Without a doubt, 2013 has been the most difficult year the Bordeaux region has experienced in a long time. Climatic conditions were challenging both for the vines and the people growing them. Like everywhere else, diseases (mildew and oidium) thrived in the cool, damp spring and flowering was heterogeneous. Some hope was restored during a normal summer, but September and October were very difficult months with a combination of warmth and damp causing sudden attacks of rot. This put the vast majority of producers into "save what you can" mode. The most demanding were forced to meticulously sort through grapes of uncertain maturity to make sure they could produce wines that wouldn't be tainted by rot.
The best estates were wise enough not to expect the wine-making process to compensate for nature's shortcomings. And by avoiding over-extraction and limiting the élevage, some châteaux have come up with wines that are more delicate and fruity than is typical, but that are pleasant to drink. However, producers that carried on as usual are contending with bitter and horribly earthy wines. Buyers should therefore choose carefully. No one red Bordeaux appellation has come out unscathed. Rather, it is the quality of the vine-growing and the thought put into the wine-making process, estate by estate, that makes a difference.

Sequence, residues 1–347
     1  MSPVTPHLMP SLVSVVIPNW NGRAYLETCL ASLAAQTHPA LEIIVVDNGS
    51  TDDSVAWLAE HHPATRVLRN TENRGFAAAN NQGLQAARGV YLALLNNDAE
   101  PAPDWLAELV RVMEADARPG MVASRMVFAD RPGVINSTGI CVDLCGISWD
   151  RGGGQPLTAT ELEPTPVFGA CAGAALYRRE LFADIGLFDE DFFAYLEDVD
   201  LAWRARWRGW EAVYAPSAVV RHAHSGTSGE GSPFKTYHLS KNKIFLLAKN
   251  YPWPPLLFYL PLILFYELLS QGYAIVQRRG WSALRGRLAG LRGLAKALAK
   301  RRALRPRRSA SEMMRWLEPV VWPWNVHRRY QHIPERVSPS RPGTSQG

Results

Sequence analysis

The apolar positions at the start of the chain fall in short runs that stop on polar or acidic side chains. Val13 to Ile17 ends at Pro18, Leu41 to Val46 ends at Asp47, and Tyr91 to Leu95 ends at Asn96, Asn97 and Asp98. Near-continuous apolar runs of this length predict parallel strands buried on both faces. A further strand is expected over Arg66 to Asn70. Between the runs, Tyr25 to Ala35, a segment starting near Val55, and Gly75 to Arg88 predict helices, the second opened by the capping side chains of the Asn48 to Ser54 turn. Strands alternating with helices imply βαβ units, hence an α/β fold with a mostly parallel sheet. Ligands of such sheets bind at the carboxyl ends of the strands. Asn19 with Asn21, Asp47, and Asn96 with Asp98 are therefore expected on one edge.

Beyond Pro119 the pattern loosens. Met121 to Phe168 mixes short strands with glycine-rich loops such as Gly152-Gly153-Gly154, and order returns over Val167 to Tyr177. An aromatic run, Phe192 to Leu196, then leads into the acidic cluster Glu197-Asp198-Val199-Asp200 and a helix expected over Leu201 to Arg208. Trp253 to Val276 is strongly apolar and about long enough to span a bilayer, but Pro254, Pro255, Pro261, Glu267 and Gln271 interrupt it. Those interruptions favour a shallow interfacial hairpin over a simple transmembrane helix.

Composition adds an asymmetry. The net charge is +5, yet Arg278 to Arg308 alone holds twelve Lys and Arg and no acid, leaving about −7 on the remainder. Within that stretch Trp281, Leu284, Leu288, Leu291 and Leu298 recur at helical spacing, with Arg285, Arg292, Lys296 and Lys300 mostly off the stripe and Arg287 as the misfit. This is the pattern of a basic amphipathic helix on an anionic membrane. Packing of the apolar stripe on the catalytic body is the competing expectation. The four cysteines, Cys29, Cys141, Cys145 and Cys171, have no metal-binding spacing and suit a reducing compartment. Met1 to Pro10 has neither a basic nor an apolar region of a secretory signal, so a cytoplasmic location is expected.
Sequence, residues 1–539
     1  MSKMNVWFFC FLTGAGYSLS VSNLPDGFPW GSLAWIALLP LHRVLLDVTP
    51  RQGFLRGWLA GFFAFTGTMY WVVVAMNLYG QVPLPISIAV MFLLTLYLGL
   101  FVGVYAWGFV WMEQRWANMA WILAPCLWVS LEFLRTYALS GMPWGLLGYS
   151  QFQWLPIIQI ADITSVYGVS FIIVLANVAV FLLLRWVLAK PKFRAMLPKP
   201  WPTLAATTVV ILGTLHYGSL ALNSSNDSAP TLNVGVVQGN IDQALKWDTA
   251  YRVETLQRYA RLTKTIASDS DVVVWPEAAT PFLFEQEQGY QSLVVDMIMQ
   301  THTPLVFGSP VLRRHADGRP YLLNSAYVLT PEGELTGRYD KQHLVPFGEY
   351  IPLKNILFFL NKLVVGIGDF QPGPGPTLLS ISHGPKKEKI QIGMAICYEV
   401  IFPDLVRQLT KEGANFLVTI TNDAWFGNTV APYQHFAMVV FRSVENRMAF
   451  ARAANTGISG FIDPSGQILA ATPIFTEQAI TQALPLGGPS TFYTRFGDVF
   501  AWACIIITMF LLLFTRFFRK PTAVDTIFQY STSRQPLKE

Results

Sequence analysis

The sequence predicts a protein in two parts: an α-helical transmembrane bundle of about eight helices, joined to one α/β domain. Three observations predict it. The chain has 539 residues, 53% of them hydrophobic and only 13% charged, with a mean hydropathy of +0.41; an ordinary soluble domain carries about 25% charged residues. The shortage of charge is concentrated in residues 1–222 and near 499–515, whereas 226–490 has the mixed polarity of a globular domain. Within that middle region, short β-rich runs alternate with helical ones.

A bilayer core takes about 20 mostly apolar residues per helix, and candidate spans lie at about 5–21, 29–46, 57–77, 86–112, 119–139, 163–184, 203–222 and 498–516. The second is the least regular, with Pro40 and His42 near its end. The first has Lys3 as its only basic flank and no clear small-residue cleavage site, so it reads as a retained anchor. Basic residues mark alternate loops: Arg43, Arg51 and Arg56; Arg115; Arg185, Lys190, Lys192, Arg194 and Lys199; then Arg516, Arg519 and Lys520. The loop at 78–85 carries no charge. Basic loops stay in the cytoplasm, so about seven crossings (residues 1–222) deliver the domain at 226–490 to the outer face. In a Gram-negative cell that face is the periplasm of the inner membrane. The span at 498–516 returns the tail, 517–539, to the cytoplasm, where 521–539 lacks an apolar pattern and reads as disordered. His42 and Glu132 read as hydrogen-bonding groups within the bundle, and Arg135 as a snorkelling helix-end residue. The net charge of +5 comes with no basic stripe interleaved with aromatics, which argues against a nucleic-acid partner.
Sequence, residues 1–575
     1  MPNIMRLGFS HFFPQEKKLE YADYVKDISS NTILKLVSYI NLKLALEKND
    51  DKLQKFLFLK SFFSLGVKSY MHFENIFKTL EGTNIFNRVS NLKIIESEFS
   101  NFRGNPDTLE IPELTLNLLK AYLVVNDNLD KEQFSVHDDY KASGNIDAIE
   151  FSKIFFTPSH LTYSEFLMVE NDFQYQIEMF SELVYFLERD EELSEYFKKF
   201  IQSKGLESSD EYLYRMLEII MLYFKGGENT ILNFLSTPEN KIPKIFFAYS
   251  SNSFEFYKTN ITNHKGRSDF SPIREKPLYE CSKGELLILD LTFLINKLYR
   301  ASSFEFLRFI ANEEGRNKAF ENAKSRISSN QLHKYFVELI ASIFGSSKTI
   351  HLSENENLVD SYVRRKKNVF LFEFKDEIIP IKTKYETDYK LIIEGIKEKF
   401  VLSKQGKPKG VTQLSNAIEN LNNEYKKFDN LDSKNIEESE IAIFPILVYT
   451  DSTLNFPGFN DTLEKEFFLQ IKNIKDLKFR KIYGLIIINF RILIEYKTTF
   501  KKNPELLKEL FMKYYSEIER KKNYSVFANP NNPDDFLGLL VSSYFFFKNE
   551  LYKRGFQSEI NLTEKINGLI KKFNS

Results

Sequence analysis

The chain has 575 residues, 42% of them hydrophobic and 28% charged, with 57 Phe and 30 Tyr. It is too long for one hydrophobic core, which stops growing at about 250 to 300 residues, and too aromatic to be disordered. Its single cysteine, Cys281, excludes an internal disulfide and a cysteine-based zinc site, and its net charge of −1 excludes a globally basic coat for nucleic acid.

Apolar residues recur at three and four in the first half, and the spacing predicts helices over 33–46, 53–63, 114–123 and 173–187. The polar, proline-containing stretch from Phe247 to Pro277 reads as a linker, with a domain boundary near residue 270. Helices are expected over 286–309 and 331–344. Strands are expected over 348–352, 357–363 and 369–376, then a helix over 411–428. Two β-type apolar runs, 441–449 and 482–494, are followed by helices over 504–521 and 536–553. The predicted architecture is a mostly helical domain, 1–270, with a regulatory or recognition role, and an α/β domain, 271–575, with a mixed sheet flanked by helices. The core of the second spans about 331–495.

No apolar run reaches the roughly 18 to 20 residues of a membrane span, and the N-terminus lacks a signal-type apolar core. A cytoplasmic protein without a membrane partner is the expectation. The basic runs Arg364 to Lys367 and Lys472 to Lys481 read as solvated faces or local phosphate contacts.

As often happens in years where maturity is a challenge, dry white wines have fared quite well. Pessac-Léognan whites, for example, while nothing grandiose, combine a refined, delicate quality with acidity, creating a pleasant, fresh aroma, even if these wines should be drunk young.
The biggest successes of the year, indisputably, are sweet white wines. 2012 was a difficult year but in 2013 these wines regained their former glory thanks to perfect conditions for botrytis at the end of the season and a fine acidic quality, promising wines that will age well and are more fresh than sweet.